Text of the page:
Of note, former Leaf Fredrik Modin was a big part of that Lightning Cup-winner in 2004, with a remarkable 19-point playoff performance in the Bolts’ 23 games.  He was traded by the Leafs at the start of the 1999-00 season in a regrettable deal for blueliner Cory Cross and a late round pick.  He’d go on to play with Columbus and Los Angeles, but after 2004 never again got out of the first round.


  • 32 years old, traded to New Jersey, February 1997
  • Seasons After Leafs Departure: 6 1/2
  • Stanley Cups Won: 1 (Calgary, 1989)
  • Playoff Rounds Won After Leafs Traded Him: 3

Sure, some would say Doug Gilmour had a charmed playoff life early in his career, but he was a huge part of his team’s accomplishments, so there’s that.  Helping the St. Louis Blues to a playoff round win at age 20 in 1984 with an 11-points-in-11-games postseason, then the Conference Finals at age 22, then the Cup victory in Calgary at age 25.

His Toronto playoff exploits are still the stuff of legends, no question about that. Depending on your birthdate, his performance and eventual game-winner in 1993’s Game 1 against St. Louis on that Monday night in early May 1993 is still raved about, and may be one of the most beautiful and dazzling playoff-OT winners in franchise history (not much to go on the past 12 years, is there?).  

I still would maintain Gilmour’s first two full Maple Leafs seasons (238 points in 166 regular season games, 63 points in 39 playoff games) are the greatest two seasons I’ve ever seen a Maple Leaf play in my lifetime.  Gilmour finished 4th in Hart Trophy voting (behind Sergei Fedorov, Dominik Hasek, and John Vanbiesbrouck) and based on this and watching him that season, you could easily make a case he was the best position player on the ice game in and game out, except when meeting Fedorov’s Red Wings.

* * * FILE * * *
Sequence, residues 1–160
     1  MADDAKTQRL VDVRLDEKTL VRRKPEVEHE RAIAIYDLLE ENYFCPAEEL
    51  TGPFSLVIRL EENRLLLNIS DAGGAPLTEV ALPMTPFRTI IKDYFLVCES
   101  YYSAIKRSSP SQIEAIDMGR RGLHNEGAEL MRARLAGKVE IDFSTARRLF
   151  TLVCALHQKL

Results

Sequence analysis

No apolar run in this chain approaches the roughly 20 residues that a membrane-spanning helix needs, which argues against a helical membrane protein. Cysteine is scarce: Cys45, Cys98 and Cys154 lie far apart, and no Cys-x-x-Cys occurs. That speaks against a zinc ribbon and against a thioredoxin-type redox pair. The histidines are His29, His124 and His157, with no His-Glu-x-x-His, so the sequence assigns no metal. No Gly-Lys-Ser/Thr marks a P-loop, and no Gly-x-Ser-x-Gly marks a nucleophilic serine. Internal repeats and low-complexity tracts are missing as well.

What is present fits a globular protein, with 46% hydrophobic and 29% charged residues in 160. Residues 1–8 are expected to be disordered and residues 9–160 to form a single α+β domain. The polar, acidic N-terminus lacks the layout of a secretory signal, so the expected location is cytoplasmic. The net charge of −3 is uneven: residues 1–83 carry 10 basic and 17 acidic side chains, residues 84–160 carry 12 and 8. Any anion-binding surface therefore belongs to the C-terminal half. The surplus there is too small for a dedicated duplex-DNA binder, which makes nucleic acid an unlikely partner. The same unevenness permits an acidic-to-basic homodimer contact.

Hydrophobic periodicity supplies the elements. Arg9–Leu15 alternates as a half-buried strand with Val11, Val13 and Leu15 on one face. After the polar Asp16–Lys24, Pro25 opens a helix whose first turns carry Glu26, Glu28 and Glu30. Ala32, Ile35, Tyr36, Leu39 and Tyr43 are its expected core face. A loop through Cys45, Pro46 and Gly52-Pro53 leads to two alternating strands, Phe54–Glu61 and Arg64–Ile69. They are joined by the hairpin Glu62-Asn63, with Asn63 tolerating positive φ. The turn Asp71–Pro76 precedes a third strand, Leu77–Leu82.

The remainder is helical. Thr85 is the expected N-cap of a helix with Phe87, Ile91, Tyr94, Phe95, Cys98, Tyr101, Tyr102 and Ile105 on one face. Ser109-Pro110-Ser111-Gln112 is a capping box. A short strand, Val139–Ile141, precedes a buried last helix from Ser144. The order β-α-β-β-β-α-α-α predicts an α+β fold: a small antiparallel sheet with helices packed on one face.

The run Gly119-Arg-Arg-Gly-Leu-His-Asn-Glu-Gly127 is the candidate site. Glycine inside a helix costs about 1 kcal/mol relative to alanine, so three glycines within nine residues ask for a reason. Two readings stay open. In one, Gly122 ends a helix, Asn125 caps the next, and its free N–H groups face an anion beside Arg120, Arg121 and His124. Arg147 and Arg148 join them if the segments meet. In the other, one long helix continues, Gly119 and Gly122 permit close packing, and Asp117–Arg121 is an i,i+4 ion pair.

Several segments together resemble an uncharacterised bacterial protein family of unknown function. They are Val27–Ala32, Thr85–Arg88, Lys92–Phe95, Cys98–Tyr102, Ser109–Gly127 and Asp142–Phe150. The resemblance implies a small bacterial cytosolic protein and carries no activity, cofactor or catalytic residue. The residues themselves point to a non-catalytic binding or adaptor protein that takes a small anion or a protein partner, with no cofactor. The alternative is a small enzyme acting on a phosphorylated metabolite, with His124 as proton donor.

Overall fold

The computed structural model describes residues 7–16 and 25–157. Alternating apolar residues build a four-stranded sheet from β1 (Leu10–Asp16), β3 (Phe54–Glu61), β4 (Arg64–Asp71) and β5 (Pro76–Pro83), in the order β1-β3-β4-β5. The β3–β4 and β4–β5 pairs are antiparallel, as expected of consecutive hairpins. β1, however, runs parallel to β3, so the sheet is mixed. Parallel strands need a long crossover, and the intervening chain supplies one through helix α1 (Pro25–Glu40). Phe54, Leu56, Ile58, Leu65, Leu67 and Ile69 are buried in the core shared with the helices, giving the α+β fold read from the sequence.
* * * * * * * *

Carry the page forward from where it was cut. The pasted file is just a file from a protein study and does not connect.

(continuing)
But, I think we all can look back and be disappointed it didn’t end better (or end, period!) in Toronto for Gilmour.  If you’d time-travelled back from March 1997 to the summer of 1994, and told Leafs fans Gilmour would be dealt to New Jersey, without a star player coming back, it would be a devastating piece of news.  Strangely, by the spring of 1997 and after two first-round playoff exits the prior two seasons (Gilmour did his part with 14 points in those 13 games), there just wasn’t much uproar about Gilmour being shipped away. It was more of a sense of resignation, and it certainly put a very unfair burden on 22-year old rookie Steve Sullivan, who had to step right into the Maple Leafs lineup and absorb at least some of Gilmour’s production and minutes.  All that probably led to a hasty and short-sighted management call to place Sullivan on waivers early in the 1999-00 season — the Blackhawks were happy to oblige, and Sullivan went on to play another 14 NHL seasons, posting seasons of 60 or more points six times.

Gilmour joined old friend Dave Andreychuk in New Jersey, but after two uneventful playoff runs, his time as a Devil was up.  He’d sign as a UFA in Chicago at age 35 in summer 1998, but it was the wrong time to be a Hawk — they’d end up blowing things up, including moving Chris Chelios to rival Detroit at the Trade Deadline in 1999.  Gilmour would be moved to Buffalo in 2000 at the next year’s deadline, but the Sabres were trounced by Philadelphia in five games in the first round.  He’d be part of a Sabres team the next spring that got to Game 7 of the second round before losing to Pittsburgh, and as a Montreal Canadien in 2002, he’d have a very productive playoffs (10 points in 12 games) but the Habs would lose a 2-1 lead in a second-round series against Carolina, and crash out in six games.